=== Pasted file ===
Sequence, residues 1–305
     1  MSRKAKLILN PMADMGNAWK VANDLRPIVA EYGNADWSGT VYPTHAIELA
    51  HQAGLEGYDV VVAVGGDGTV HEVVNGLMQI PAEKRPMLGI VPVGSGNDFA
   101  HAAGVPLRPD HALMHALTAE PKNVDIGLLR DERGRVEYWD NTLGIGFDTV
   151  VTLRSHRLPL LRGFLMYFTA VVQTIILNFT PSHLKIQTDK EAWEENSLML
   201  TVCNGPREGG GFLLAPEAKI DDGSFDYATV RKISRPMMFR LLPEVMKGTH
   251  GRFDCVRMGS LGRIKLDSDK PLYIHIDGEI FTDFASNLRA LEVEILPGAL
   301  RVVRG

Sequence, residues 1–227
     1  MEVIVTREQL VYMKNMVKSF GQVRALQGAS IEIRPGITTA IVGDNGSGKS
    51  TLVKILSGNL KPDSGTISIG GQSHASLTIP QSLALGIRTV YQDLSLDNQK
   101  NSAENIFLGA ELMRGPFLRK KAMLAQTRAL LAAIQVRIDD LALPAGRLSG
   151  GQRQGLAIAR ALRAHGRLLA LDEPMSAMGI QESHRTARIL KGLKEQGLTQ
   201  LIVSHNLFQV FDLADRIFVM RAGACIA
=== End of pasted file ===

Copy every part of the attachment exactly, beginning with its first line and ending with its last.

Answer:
Sequence, residues 1–305
     1  MSRKAKLILN PMADMGNAWK VANDLRPIVA EYGNADWSGT VYPTHAIELA
    51  HQAGLEGYDV VVAVGGDGTV HEVVNGLMQI PAEKRPMLGI VPVGSGNDFA
   101  HAAGVPLRPD HALMHALTAE PKNVDIGLLR DERGRVEYWD NTLGIGFDTV
   151  VTLRSHRLPL LRGFLMYFTA VVQTIILNFT PSHLKIQTDK EAWEENSLML
   201  TVCNGPREGG GFLLAPEAKI DDGSFDYATV RKISRPMMFR LLPEVMKGTH
   251  GRFDCVRMGS LGRIKLDSDK PLYIHIDGEI FTDFASNLRA LEVEILPGAL
   301  RVVRG

Sequence, residues 1–227
     1  MEVIVTREQL VYMKNMVKSF GQVRALQGAS IEIRPGITTA IVGDNGSGKS
    51  TLVKILSGNL KPDSGTISIG GQSHASLTIP QSLALGIRTV YQDLSLDNQK
   101  NSAENIFLGA ELMRGPFLRK KAMLAQTRAL LAAIQVRIDD LALPAGRLSG
   151  GQRQGLAIAR ALRAHGRLLA LDEPMSAMGI QESHRTARIL KGLKEQGLTQ
   201  LIVSHNLFQV FDLADRIFVM RAGACIA